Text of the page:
California Treasurer John Chiang is calling for the removal of a key Wells Fargo & Co. (WFC) board member in the wake of this week's disclosure that the U.S. bank has uncovered some 3.5 million bogus accounts, nearly twice the original estimate.
Chiang singled out Enrique "Rick" Hernandez Jr., who joined the Wells Fargo board in 2003 and served on committees responsible for oversight, ethics, integrity, finances and corporate reputation. As California's treasurer, Chiang is responsible for allocating some $2 trillion in annual banking transactions as well as managing a $75 billion investment pool. Chiang also determines which U.S. banks underwrite bonds for the state, the nation's largest issuer of municipal debt.
Last year, Chiang suspended Wells Fargo as a provider of lucrative banking transactions to the state and is currently reviewing whether to extend the sanctions beyond this month.
"Given the avalanche of mistakes, scandals and problems that have come out of Wells Fargo in the last year, it is clear to me that Hernandez has been a negligent leader and ineffective steward," Chiang said in an e-mailed statement Thursday. "His silence damaged Wells Fargo's customers, employees and shareholders. For that reason alone, he should go."
Neither Hernandez nor Wells Fargo press officials responded to requests for comment.
The San Francisco-based bank's stock price has tumbled 7.1% this year, following revelations that an aggressive sales culture led bank staff to open millions of accounts that weren't authorized by customers, and more recently that it erroneously charged some 490,000 car-loan customers for insurance they didn't need.
The unauthorized accounts dated back at least to 2009, but the board wasn't aware of the scope of the problem until early 2014 after the Los Angeles Times published newspaper articles on the topic, according to a report in April by Hernandez and other independent board directors. Even then, the board didn't take aggressive action to address the issues until 2015. The scandal led to regulatory fines, criticism from U.S. lawmakers and eventually the departure of former CEO John Stumpf.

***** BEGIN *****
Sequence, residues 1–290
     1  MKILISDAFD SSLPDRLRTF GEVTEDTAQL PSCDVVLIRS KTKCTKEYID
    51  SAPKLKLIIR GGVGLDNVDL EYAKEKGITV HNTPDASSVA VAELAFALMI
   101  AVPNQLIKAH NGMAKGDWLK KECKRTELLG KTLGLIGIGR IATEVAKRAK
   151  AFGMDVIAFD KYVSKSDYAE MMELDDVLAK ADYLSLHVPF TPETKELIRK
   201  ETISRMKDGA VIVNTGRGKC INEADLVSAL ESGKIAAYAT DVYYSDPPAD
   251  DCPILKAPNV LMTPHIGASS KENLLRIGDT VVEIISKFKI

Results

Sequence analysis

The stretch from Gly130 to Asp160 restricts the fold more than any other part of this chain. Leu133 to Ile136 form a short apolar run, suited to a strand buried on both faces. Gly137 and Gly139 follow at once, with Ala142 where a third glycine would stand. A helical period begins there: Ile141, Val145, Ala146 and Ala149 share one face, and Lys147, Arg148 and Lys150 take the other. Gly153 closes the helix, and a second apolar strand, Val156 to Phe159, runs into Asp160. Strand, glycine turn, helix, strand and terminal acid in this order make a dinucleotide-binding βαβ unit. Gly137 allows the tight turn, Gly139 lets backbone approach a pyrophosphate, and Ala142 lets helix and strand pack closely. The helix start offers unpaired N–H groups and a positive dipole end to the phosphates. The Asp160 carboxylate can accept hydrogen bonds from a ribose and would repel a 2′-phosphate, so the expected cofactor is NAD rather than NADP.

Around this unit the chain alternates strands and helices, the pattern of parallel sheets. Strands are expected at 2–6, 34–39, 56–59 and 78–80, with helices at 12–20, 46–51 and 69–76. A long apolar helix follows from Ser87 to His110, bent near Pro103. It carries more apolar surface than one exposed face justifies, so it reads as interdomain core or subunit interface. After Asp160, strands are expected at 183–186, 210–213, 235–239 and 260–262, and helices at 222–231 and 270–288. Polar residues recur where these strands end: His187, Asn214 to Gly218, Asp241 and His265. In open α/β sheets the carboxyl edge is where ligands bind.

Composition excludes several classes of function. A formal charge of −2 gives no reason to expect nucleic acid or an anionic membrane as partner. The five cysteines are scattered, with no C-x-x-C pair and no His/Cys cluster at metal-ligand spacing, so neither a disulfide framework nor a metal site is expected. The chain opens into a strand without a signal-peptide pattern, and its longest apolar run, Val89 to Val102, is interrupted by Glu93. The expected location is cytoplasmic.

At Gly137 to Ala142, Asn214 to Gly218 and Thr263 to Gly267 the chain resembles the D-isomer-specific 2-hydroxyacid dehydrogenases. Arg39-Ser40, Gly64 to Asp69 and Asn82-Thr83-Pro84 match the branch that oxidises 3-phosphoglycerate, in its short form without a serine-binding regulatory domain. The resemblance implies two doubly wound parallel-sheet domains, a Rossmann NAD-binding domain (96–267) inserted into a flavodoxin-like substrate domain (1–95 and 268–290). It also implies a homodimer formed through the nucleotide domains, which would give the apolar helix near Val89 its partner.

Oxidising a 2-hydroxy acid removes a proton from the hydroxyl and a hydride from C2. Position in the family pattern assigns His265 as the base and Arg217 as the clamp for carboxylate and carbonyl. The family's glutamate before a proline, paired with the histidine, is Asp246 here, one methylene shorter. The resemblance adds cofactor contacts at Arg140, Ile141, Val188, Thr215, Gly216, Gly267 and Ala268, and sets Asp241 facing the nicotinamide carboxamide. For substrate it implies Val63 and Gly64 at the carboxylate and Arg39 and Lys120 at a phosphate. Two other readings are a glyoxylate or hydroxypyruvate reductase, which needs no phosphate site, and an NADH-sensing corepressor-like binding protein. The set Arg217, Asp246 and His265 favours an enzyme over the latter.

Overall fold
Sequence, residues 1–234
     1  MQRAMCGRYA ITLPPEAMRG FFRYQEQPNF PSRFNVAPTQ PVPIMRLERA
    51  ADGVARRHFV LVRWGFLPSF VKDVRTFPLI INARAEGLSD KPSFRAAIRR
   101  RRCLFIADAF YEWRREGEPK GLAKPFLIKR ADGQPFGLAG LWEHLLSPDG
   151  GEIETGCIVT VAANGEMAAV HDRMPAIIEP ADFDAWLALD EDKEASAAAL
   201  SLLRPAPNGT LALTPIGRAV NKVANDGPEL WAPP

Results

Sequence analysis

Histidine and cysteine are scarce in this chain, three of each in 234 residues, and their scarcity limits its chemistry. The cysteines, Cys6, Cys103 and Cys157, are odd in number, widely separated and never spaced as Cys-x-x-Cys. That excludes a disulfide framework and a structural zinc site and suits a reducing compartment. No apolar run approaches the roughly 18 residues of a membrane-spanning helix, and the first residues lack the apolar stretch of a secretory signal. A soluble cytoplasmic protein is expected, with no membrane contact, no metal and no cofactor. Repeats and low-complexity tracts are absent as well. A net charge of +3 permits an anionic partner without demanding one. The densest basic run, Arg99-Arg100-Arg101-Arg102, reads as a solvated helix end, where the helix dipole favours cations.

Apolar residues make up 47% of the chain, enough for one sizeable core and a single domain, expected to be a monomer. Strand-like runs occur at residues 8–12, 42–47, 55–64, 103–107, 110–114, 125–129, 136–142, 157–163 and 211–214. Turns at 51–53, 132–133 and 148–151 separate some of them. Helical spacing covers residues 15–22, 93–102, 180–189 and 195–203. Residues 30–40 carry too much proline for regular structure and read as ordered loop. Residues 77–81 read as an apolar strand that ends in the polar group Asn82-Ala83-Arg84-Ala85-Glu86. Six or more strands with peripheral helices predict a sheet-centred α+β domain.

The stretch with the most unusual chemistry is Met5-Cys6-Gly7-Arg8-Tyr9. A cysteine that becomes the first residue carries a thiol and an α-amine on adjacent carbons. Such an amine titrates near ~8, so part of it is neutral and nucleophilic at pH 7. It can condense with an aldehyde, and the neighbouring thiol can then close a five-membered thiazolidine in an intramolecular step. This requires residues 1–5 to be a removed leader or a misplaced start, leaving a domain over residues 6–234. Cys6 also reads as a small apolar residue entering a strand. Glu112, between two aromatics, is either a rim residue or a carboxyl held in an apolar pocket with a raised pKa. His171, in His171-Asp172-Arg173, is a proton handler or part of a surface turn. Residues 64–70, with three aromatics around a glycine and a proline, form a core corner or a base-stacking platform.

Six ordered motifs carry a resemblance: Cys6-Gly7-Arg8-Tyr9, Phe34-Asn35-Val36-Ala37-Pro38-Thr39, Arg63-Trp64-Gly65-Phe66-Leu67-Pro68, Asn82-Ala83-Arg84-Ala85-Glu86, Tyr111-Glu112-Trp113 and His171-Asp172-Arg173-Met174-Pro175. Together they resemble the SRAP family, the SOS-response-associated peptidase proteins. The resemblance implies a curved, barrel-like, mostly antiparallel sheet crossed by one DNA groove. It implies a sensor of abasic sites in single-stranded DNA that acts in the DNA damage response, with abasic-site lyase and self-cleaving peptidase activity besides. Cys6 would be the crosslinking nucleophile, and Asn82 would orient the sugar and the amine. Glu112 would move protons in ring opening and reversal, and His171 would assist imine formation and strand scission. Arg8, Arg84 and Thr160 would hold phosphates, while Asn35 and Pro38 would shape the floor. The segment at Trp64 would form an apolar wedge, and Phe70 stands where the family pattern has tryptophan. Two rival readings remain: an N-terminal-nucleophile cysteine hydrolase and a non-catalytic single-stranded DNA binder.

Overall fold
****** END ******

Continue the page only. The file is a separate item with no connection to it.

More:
This week, the bank disclosed that an expanded review of the scandal revealed some 3.5 million potentially unauthorized accounts, up from the original estimate of about 2 million.
Hernandez, the CEO and majority owner of Inter-Con Security Systems Inc., a Pasadena-based private-security firm, was a high-profile member of the Wells Fargo board as head of the bank's risk and finance committees, and he was a member of the corporate responsibility committee.
At the bank's annual meeting in April, Hernandez received just 53% of shareholder votes, the lowest among the 15 board nominees. Such a result was seen as a harsh rebuke, since directors run unopposed; it's rare in such corporate elections to receive approval ratings below 90%.
"As a member of the corporate responsibility committee, Hernandez is not only charged with protecting Wells Fargo's reputation but, more importantly, the trust between the bank and the customers it serves," Chiang said in the statement.
Hernandez was largely spared in a Wells Fargo board shakeup last month that entailed the departure of Chairman Stephen Sanger and two long-serving directors. He was replaced as head of the board's risk committee, but he kept his role as head of the finance committee.
In September 2016, following the initial account-scandal revelations, Chiang said the California Treasurer's Office would suspend new investments and transactions with Wells Fargo for at least a year. He also said he would use his position as a trustee of two big state pension funds, the California Public Employees' Retirement System and California State Teachers' Retirement System, to push for changes in governance and prevent a repeat. According to a statement at the time, the two funds held a combined $2.3 billion in Wells Fargo stocks and bonds.
Marc Lifsher, a spokesman for Chiang, said a decision would be made by the end of this month on whether to extend the suspension, "in light of the continuing revelations of bad behavior by the bank."
Hernandez, 61, is notable because he has deep experience serving on boards of big U.S. companies. He is chairman of fast-food giant McDonald's Corp. (MCD) and serves as a director for oil behemoth Chevron Corp. (CVX) , where he heads the committee that sets CEO compensation. Previously he sat on the boards of Nordstrom Inc., Tribune Co. and the now-defunct banks Washington Mutual Co. and Great Western Financial Corp.
He has come under fire from corporate-governance experts because Inter-Con has won contracts to provide private security to Wells Fargo branches, totaling at least $24.4 million of payments since 2005. That figure that doesn't include his regular compensation as an independent board member, amount to about $421,000 last year.
The arrangement with Inter-Con wasn't illegal, but critics say such side deals put board members in the nearly impossible position of providing tough oversight of a CEO on behalf of shareholders, all the while trying to avoid upsetting a valuable customer.
"Whether his silence and failure to act were driven by a desire to not make waves for an important client of the security firm in which he is CEO, I will not speculate," California's Chiang said in the statement. "What we can say is that Hernandez no longer should be serving on the board of directors."
More of What's Trending on TheStreet: